Pictures count in literacy growth
Myra Barrs, director of south London's Centre for Language in Primary Education, believes that the message that drawing is a less academically important medium for storytelling is the first step on the road to visual illiteracy.
"We start to see drawing and writing as competing rather than complementary systems," she told teachers and literacy advisers at a Tate Gallery conference during The Word, the London festival of literature.
"Children learn little in school about developing the visual communication which flowers early and which increases their capacity to visualise, to empathise and to imagine. The decline in arts activities in early education is damaging to literacy as well as regrettable in itself."
Her key example of how pre-school drawing generates enthusiasm for narrative - which can help propel children through the early stages of learning to read and write - comes from studying 8,000 drawings of trains by a boy called Charles between the ages of two and 11.
Charles, who lived near two railway stations and was taken to meet his commuter father from the train every day, learned to draw the movement of the train before the train itself. His first piece of writing was a caption saying "Toot-toot". "The main function of drawing for him was to tell a story - movement was pre-eminent. He drew the smoke before the smokestack."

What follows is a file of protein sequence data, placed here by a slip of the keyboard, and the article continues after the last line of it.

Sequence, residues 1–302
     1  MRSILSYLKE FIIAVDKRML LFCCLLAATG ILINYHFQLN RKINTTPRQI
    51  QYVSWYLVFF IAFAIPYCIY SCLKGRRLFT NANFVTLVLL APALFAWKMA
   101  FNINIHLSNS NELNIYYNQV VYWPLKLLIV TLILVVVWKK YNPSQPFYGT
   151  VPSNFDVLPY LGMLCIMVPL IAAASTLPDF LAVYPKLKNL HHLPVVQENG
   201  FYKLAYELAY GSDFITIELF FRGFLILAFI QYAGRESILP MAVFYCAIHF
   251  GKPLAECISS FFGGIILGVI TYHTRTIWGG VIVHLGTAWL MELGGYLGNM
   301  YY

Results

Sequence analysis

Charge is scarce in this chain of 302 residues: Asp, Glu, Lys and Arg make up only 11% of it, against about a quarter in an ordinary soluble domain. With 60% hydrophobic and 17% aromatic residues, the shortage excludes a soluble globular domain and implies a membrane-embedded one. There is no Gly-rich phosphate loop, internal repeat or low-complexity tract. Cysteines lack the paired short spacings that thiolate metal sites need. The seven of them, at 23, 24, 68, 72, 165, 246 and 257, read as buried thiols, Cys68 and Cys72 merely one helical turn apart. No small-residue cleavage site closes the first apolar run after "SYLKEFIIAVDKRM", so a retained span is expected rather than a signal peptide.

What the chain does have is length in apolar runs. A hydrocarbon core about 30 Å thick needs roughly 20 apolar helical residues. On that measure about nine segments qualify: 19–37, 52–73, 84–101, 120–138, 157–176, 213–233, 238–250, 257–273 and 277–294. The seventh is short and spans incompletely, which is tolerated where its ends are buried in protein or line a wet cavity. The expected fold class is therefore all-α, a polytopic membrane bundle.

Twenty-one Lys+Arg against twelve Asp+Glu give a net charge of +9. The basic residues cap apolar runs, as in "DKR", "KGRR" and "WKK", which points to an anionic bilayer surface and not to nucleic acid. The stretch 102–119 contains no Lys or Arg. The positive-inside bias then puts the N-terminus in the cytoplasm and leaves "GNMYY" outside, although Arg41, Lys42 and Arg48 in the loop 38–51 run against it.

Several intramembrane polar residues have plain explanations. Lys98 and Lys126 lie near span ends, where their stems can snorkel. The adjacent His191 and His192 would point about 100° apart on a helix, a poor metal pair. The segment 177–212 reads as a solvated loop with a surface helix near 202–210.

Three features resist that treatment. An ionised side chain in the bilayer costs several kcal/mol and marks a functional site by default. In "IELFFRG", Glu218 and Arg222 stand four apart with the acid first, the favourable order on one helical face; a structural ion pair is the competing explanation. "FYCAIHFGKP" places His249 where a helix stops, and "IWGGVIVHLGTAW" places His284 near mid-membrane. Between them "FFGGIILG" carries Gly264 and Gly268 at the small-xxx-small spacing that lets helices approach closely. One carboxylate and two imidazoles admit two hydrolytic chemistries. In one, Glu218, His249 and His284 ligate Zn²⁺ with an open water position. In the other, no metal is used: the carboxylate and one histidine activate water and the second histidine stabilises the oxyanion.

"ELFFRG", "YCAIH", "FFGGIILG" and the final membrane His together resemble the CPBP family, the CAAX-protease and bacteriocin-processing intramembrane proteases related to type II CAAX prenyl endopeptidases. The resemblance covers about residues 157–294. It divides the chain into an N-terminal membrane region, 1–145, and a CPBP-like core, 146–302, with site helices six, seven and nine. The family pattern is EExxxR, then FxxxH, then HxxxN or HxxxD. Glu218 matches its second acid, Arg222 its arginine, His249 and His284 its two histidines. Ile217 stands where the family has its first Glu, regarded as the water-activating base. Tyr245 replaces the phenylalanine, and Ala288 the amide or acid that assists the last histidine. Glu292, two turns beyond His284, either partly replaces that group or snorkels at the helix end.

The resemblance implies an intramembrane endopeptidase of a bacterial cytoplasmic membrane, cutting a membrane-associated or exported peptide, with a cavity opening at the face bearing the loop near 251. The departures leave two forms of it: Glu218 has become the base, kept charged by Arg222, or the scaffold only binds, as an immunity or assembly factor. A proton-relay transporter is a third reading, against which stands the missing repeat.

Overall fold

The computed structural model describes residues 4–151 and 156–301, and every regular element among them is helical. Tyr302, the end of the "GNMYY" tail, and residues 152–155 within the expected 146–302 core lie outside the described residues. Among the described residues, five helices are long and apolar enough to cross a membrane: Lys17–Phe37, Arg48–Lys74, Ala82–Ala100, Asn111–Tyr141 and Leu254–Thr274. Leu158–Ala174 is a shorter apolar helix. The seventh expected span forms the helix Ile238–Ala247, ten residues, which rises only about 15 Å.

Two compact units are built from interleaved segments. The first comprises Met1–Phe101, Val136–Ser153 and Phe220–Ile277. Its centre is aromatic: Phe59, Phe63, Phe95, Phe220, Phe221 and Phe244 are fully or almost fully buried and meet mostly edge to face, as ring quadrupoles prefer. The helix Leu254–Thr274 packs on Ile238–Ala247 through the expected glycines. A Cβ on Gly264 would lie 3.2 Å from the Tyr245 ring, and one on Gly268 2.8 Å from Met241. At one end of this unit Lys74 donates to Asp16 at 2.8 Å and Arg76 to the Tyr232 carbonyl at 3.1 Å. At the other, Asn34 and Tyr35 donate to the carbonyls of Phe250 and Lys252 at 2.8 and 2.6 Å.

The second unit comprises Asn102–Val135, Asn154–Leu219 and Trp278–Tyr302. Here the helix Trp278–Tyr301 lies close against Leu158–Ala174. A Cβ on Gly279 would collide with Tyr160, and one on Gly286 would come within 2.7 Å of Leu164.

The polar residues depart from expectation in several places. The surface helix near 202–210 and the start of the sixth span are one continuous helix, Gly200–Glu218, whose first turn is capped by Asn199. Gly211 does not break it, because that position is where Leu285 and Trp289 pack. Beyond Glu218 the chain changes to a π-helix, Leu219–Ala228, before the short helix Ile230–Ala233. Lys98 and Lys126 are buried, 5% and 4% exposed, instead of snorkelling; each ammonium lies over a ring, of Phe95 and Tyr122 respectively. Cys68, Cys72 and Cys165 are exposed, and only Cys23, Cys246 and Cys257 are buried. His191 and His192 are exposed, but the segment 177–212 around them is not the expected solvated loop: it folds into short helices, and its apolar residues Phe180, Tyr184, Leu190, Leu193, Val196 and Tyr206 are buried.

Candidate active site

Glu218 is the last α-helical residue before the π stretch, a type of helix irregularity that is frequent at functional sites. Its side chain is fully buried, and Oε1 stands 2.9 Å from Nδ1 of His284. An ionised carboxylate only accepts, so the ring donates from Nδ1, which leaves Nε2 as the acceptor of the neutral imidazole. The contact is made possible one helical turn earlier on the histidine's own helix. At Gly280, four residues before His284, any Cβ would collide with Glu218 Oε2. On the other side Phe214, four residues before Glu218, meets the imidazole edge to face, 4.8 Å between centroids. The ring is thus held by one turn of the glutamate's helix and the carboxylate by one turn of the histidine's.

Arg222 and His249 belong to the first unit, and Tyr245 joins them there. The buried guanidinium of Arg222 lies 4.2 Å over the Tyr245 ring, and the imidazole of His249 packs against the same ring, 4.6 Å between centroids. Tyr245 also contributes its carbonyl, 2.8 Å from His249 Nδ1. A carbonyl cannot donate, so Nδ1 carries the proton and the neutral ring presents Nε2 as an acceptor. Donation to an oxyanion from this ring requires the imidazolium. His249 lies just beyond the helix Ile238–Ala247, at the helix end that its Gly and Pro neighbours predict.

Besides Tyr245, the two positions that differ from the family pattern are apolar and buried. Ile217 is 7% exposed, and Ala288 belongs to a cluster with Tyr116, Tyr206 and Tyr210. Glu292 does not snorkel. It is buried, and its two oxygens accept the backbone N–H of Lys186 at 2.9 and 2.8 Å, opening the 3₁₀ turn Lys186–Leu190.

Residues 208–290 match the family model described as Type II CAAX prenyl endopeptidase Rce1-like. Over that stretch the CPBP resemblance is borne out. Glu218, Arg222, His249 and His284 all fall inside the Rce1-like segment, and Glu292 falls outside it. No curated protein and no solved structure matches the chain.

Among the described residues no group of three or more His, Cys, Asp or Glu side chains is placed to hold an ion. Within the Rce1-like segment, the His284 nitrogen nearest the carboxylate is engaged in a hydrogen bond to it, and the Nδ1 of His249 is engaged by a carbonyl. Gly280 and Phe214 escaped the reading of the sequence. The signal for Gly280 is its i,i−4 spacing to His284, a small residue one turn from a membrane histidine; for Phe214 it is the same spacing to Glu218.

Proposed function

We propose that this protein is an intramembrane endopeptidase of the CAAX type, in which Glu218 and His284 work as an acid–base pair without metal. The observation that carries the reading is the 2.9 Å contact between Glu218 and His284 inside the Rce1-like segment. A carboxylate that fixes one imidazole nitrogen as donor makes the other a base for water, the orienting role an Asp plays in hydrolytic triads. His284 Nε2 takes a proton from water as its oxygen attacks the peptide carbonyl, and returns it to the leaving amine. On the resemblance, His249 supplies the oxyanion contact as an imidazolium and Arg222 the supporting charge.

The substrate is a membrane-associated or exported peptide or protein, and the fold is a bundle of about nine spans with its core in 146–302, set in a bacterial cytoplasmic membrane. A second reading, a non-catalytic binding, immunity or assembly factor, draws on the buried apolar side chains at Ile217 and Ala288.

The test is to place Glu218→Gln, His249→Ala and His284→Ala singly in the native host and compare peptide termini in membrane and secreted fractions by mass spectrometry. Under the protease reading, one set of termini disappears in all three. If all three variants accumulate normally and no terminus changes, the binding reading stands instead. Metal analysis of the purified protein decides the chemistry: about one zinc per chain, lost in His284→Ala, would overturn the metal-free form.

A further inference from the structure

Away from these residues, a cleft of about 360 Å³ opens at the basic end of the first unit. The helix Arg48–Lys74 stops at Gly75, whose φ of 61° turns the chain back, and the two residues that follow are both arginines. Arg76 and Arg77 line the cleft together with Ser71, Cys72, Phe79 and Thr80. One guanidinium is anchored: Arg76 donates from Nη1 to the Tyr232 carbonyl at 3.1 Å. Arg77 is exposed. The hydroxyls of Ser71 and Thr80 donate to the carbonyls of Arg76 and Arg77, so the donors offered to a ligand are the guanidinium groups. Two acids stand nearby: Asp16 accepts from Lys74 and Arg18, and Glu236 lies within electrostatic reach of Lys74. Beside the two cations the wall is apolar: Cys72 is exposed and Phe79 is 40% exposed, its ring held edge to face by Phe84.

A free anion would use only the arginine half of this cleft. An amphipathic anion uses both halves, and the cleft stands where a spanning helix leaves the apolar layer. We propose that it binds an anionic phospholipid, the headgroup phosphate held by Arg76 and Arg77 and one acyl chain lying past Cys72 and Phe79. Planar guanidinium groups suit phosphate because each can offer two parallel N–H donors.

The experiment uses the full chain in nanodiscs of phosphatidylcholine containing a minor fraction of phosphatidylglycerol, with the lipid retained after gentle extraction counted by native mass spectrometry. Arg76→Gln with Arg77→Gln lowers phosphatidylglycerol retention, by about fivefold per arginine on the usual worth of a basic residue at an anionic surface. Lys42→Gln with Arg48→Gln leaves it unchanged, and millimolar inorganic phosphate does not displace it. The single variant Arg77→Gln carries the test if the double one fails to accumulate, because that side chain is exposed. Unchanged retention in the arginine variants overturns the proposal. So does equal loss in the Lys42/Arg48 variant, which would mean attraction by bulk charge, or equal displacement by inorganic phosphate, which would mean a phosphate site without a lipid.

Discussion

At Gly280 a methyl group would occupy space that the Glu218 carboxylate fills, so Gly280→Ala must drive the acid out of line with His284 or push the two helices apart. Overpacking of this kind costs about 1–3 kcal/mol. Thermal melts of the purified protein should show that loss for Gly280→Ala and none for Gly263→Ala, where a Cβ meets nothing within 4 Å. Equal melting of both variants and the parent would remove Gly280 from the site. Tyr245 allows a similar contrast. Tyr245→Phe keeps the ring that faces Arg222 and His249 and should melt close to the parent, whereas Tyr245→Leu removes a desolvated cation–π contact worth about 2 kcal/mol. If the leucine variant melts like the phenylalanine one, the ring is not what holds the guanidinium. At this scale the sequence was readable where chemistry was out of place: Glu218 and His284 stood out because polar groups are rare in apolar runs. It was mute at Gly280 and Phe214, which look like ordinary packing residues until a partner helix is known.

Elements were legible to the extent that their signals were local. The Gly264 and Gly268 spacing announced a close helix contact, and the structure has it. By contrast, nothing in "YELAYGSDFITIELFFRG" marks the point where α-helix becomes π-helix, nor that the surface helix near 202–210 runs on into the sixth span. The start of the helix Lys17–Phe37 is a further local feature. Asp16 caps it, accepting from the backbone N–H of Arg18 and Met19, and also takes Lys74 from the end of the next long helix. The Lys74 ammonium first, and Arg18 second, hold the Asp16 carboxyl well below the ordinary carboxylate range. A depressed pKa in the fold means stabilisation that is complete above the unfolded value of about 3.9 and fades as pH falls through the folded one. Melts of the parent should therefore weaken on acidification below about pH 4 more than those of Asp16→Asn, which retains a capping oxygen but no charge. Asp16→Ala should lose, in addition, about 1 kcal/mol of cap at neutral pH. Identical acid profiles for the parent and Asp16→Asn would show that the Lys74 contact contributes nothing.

The Tate's education officer, Colin Griggs, said we were now in a "golden age of authorillustrators" whose work can help children explore how text and illustration can work together.
Shirley Hughes, one of several picture-book artists at the conference, stressed the importance of "learning to leave space between the word and image that the child can inhabit. Children are bombarded with visual material from the cradle and their responses have to be lightning.
"If we're not to become a punchdrunk society, they need the space which is something only a book can offer."
The Tate has also launched Visual Paths, a joint project with London University's Institute of Education which will introduce 1,000 primary children a year to literacy activities at the gallery using images to stimulate written work.
Raising visual literacy of both children and adults has emerged as a key area of interest during the National Year of Reading. During May, the NYR's activities will focus on "Reading Without Print". In June, a conference on comics and graphic novels will be held in the North-east and Homerton College, Cambridge, will hold a major conference on visual literacy in September 2000.